Taste of Uni Life Sparks Lightbulb Moment

ACWA partnered with the Why Not You Project  and UTS to host a very successful University Experience Day on July 26. The day incorporated a 3D Design and Coding exhibition tour followed by a workshop for students in years 9-12 who are currently in care. More than 22 students attended and were given the opportunity to be among the first to look at the new underground Proto Space at UTS.

One student sat with his case manager at lunch and talked through his realisation that he might be able to go to university saying, “So if I came here (to UTS) I could hang out with my friends at lunch and we could talk about the classes we’d been to?” When told that this was very much the case he then responded, “Could I do this at any university, maybe one closer to home?” The case manager said that she could see the lightbulb go off in his head; that moment when he really felt that university could be a distinct possibility for him. This vignette alone makes the day a success!

The event incorporated a parallel program for approximately 15 carers and caseworkers (pictured below) to hear about how they can provide educational support for the young people in their care. Speakers included Anastasia Glusko (Why Not You Project), Amanda Moors-Mailei (UTS Widening Participation Coordinator – Access Schemes and Pathways, Equity and Diversity Unit), and Lorna Genoud (Education Consultant, Practice Service and Outcomes, Youth Plus – Life Without Barriers). Valuable information was shared with the group about university access and support, raising young people’s aspirations and belief in themselves, and the transformative power of education.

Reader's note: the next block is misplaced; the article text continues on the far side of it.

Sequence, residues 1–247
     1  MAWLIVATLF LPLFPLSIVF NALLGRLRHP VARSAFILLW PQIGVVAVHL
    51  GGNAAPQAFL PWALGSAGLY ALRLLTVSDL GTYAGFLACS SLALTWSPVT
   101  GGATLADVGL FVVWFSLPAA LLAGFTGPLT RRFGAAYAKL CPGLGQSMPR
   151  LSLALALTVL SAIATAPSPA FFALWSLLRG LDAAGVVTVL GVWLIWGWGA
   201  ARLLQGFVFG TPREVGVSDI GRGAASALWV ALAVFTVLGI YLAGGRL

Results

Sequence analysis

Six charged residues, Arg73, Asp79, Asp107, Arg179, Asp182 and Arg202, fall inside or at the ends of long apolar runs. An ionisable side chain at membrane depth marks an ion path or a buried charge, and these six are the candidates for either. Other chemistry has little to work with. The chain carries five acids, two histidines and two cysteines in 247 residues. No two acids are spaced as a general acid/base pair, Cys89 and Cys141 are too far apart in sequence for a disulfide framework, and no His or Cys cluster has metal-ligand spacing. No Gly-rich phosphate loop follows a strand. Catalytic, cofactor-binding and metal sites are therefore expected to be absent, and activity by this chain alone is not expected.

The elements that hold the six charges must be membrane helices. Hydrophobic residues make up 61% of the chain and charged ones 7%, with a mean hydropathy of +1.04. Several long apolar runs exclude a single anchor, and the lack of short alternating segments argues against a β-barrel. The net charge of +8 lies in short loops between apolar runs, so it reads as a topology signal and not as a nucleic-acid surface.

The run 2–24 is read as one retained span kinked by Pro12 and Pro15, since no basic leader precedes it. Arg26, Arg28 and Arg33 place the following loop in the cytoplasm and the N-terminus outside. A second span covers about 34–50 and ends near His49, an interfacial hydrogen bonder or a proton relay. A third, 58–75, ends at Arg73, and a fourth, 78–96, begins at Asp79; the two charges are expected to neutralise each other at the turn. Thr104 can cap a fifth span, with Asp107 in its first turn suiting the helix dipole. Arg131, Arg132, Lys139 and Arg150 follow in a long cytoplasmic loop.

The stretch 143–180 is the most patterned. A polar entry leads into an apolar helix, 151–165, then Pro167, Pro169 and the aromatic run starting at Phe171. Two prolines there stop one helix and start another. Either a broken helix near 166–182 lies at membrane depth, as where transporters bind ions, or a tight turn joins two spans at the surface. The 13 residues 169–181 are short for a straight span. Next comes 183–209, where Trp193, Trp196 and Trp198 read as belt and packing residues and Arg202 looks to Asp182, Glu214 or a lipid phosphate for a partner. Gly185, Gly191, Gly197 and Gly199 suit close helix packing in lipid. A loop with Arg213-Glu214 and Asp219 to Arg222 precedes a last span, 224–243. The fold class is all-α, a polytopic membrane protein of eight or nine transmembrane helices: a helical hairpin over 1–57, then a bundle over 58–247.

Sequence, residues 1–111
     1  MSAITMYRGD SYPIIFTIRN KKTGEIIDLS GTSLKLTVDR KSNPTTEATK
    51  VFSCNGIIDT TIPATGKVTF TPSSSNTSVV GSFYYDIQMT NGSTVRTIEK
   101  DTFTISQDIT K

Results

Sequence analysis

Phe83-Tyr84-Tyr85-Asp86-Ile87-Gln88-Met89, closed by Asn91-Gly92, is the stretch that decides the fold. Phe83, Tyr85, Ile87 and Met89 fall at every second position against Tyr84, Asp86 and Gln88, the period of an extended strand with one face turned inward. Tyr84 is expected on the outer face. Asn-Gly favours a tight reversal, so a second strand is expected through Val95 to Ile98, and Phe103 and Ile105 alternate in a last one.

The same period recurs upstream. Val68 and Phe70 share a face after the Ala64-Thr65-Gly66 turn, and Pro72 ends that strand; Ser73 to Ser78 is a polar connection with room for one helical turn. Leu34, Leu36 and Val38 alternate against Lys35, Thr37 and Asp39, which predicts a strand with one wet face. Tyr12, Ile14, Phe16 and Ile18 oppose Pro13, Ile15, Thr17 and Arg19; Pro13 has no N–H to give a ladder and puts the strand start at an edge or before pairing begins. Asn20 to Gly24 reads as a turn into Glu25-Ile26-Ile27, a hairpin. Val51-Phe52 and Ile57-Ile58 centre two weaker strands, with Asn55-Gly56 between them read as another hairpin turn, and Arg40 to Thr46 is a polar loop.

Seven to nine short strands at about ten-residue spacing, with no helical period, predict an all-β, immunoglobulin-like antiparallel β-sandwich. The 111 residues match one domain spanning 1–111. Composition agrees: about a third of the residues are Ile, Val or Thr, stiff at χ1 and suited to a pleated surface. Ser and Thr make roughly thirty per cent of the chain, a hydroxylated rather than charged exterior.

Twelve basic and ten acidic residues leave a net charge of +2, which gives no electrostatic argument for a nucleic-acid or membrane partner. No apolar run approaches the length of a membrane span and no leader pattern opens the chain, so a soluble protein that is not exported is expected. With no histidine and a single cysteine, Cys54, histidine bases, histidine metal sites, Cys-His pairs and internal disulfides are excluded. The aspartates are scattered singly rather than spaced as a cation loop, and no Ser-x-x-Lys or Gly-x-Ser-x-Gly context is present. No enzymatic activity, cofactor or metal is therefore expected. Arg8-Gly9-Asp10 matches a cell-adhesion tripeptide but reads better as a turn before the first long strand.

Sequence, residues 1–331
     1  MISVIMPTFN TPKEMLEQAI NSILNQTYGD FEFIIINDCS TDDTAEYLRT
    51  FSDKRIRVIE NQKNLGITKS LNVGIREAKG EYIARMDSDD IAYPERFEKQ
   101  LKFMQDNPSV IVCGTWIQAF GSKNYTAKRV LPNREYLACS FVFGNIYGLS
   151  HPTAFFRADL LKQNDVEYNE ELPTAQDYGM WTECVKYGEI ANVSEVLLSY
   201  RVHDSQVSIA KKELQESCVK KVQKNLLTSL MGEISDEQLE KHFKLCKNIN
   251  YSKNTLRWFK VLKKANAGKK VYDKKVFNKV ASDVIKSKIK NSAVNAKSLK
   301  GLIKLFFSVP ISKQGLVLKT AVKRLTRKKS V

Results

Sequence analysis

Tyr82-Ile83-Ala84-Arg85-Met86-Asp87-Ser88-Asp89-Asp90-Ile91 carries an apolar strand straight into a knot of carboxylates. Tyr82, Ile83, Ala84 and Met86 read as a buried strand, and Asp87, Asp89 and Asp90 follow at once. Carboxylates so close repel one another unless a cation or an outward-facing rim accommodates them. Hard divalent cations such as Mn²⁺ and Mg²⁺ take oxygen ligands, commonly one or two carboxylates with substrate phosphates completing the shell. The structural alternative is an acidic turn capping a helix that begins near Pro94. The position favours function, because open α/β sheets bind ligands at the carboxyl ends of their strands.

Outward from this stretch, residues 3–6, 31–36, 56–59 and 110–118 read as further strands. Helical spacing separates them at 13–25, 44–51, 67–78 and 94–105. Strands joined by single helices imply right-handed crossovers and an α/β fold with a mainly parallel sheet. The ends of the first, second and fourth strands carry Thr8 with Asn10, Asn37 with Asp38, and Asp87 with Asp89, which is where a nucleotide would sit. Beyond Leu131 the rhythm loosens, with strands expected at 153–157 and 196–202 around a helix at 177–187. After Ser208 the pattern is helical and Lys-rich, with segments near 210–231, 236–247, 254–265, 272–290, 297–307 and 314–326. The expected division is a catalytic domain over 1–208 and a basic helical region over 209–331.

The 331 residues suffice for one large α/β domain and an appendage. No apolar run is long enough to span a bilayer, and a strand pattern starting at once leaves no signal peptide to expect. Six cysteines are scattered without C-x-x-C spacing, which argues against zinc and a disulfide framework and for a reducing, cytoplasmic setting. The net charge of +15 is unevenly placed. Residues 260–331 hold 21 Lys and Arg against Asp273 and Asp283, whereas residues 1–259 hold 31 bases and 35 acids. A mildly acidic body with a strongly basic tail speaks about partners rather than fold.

Many of the caseworkers and carers present agreed to work together going forward to improve education prospects for young people in care including looking at conducting a UK-style Education Champions pilot in NSW. UTS is also embedding a number of support processes for students in care and will continue to look at ways to improve access wherever possible. The program for carers and caseworkers provided a rare opportunity for sharing knowledge and experiences from multiple perspectives and most of those present have now joined ACWA’s OOHC and Education Action Committee as well as continuing to work with and support the Why Not You Project.

In the meantime the intersectorial committee initiated by ACWA (as part of our Let Them Learn Project) to share information, discuss and develop responses to factors that contribute to the poor educational outcomes of children and young people in care continues to meet on a quarterly basis. At the latest meeting in June, the committee discussed school complaints policy and processes. Agencies who have students in care are advised that Assistant Principals (Disability) are the key point of contact in the public education system; while issues within Catholic schools that remain unresolved at local level should be referred to the local diocese. ACWA will be circulating further information regarding complaints processes within the NSW education sector in due course. The committee is also considering the concept of ‘corporate parenting’ as a framework for collaboratively improving the educational outcomes of children in care.

The intersectorial committee is set to come together again in September. Participants at this upcoming meeting will include representatives from the NSW Department of Education, the Department of Family and Community Services, Catholic Schools NSW, the Association of Independent Schools of NSW, AbSec and CREATE. Later in the year ACWA, in conjunction with the committee, will conduct a review of the progress made under this initiative.